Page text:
Right! He's got those close together eyes, that long pointy nose. I'm just drawn to him for his talent and for his interesting quirkiness as a human being. I've drawn him and sculpted his head in all kinds of ways for the past 30 years. The biggest one, of course, was my “World’s Largest George Jones Head” that I made down in Houston, Texas, at Rice University in 2009. That was a giant puppet head laying on its side, and it was 25 feet long, and about 14 or 15 feet tall. You could pull a rope and make his mouth open and close, and he was snoring—he was sleeping it off, I think. He had whiskey breath that would come out of his mouth.

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Wait, really? How?
I had a big bowl of whiskey with a cloth soaking it up with a fan blowing through the cloth! So it wafted out when you opened up this giant door-like mouth. And then you go around back and there's a little peep show inside his head and it's George Jones dancing onstage in a weird haunted honky-tonk. It's kind of like this horrible repetitive nightmarish vision that he's having in his head. So it's comic and it's tragic. He's got everything. And I like that. Where comedy and tragedy meet is a fascinating place. And it makes for good drama. So I try to be respectful but, you know, it's funny.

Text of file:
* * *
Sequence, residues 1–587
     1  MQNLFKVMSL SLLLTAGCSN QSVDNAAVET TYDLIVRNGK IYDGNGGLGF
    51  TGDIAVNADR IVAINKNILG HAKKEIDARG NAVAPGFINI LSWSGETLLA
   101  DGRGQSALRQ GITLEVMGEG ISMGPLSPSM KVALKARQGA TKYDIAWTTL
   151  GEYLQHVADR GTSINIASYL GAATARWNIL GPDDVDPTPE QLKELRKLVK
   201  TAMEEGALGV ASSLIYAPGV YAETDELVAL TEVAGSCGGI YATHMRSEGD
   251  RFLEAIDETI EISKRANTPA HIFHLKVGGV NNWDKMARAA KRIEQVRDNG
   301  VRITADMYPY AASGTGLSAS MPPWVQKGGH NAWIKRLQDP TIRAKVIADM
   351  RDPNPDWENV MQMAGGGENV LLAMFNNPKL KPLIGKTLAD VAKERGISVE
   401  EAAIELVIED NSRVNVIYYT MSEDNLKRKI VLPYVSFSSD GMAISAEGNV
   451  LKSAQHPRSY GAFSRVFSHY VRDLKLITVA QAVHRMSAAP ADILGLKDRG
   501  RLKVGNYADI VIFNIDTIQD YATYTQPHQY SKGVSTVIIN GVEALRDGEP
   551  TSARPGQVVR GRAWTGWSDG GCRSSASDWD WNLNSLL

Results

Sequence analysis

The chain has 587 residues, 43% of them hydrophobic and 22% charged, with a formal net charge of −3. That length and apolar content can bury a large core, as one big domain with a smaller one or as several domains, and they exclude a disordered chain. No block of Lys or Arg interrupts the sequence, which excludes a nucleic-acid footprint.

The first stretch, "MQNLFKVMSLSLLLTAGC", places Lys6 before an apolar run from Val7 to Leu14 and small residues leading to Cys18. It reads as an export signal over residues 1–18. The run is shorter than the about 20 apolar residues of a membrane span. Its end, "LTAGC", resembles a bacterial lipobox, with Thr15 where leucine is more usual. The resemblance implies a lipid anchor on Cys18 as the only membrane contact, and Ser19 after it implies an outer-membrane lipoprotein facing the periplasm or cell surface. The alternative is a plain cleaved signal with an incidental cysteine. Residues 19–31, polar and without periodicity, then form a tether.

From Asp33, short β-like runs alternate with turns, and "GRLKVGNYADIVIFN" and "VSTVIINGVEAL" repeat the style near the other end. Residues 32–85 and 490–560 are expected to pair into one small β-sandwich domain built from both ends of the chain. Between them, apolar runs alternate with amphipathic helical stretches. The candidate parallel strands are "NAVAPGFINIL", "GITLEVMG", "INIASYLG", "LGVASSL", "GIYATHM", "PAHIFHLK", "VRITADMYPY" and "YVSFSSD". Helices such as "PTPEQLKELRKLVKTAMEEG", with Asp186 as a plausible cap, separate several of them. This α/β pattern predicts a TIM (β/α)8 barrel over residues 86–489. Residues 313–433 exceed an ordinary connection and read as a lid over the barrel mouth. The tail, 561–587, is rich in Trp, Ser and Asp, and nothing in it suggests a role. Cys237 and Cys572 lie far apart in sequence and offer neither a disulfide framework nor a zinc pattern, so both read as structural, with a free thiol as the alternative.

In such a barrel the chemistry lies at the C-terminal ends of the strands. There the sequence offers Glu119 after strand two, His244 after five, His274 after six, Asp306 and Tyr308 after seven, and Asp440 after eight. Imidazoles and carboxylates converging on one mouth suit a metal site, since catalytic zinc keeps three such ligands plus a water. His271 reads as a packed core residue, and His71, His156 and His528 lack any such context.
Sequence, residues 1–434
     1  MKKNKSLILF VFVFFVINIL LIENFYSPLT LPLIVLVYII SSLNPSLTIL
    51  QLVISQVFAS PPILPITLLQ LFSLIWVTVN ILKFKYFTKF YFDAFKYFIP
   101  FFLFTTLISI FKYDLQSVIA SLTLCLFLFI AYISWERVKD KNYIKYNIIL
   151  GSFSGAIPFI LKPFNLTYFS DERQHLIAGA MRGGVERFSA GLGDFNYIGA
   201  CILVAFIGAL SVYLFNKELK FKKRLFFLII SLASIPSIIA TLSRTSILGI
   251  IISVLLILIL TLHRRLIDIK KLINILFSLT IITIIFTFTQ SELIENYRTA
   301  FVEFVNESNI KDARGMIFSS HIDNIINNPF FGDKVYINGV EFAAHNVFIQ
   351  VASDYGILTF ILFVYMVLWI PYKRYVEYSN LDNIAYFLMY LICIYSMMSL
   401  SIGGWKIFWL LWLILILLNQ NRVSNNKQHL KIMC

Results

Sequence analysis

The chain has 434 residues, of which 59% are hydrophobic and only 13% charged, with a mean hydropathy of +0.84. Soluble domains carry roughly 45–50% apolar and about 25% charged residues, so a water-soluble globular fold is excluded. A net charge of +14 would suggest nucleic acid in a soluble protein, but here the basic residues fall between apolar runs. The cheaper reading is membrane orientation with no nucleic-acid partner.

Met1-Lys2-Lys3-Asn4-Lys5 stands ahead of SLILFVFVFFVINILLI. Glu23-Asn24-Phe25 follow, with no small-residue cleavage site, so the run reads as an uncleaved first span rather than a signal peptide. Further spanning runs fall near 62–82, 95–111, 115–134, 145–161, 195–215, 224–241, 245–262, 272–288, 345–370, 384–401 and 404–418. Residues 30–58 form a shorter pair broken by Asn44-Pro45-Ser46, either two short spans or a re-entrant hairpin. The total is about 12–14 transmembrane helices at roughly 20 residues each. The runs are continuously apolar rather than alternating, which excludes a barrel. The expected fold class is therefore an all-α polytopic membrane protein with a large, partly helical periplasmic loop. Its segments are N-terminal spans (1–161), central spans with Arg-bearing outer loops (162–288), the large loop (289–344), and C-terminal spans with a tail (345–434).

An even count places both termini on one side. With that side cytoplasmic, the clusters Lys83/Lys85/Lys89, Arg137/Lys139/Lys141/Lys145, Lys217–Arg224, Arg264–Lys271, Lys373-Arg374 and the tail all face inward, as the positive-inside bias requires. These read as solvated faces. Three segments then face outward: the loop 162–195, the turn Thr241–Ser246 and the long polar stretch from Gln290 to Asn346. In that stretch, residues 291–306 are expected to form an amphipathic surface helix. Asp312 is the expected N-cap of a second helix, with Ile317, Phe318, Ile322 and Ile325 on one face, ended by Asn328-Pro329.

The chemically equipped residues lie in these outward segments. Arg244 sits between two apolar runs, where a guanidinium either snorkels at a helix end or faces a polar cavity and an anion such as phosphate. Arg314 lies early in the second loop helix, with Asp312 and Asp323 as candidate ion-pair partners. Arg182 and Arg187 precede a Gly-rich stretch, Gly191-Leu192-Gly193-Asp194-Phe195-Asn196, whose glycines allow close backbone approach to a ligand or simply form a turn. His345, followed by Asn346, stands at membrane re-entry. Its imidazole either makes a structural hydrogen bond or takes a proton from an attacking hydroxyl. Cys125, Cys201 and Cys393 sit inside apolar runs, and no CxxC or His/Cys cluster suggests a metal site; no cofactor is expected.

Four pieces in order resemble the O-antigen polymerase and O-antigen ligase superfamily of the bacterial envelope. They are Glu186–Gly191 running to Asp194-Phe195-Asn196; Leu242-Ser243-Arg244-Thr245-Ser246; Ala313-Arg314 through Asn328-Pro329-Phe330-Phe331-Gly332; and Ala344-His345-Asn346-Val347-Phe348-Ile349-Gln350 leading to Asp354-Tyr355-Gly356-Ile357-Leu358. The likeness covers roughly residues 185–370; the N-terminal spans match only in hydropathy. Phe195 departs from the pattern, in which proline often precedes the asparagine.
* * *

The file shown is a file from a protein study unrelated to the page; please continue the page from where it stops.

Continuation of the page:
Yeah, I mean, when you're making a giant puppet head of someone, there's only so much seriousness you can allow yourself.
Yeah! And the man himself called me and thanked me! That was amazing.


Amazing. So are you planning on making puppets for this show?